Williams explores the strategy of teaching science through a How Science Works  approach and provides clarification and justification for each aspect covered. Each chapter offers short, succinct and often thought-provoking discussions. The background information is relevant and interesting. Helpful suggestions for individual or group, reflective and classroom tasks are incorporated into most chapters along with references to books, journals, articles and weblinks for further reading. 

Initially intending to dip in and out of the book, (a tactic Williams suggests in his introduction) I found myself drawn to reading the book from cover to cover. I found something in each chapter that made me pause for thought but particularly appreciated the sections covering scientific terminology, communicating science, the nature of scientific versus unscientific questions and investigation and experimentation in science. This latter section expands the author's honest appraisal of how closely (or not) school science resembles real science and throughout the book Williams provides numerous insights into what school science is and what it is not.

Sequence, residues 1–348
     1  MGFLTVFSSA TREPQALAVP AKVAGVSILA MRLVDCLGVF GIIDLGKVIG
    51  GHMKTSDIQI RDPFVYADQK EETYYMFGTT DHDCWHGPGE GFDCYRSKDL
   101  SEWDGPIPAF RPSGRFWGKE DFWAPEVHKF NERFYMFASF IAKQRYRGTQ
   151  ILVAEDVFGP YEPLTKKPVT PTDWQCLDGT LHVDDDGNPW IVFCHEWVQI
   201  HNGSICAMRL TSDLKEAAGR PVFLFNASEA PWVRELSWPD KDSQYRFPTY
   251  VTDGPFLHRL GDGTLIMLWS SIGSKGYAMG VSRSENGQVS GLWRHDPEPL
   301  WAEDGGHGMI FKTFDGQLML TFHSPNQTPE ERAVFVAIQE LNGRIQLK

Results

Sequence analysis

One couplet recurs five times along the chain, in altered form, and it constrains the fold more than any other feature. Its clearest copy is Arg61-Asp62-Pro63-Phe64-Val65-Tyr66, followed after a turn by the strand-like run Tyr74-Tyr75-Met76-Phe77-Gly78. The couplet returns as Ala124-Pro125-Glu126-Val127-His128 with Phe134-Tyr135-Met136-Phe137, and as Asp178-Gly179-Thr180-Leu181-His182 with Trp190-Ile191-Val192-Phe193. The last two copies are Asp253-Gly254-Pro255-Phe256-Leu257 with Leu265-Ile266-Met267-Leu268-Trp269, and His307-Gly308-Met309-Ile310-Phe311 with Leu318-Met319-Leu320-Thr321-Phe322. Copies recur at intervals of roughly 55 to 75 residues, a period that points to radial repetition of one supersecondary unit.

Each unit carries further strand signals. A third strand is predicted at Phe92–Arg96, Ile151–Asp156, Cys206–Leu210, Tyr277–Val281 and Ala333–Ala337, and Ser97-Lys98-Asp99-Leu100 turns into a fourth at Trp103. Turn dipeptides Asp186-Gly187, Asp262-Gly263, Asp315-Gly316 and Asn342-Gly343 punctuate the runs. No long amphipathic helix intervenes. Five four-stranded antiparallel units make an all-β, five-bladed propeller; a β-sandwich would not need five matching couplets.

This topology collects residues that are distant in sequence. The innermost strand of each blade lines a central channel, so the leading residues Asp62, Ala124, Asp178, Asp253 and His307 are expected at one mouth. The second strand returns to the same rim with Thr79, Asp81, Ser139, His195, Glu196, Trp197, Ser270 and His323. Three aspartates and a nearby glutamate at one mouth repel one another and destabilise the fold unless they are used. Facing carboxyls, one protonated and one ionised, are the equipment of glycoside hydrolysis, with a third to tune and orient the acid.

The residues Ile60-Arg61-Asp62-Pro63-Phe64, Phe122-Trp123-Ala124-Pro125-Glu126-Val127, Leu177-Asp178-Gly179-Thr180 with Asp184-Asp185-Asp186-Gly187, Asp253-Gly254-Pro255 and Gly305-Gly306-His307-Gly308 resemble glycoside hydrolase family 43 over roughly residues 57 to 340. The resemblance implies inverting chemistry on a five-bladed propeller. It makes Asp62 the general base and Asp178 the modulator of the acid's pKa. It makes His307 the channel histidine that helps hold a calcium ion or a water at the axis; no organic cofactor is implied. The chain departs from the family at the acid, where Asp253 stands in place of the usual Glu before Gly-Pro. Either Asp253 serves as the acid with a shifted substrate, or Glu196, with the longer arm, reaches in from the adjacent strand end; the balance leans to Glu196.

There are a few niggling errors in places which made me need to re-read some paragraphs but these are very minor quibbles given the engaging and perceptive nature of the content. Both trainee and experienced teachers would benefit from delving into this book as well as those responsible for curriculum and scheme of work development.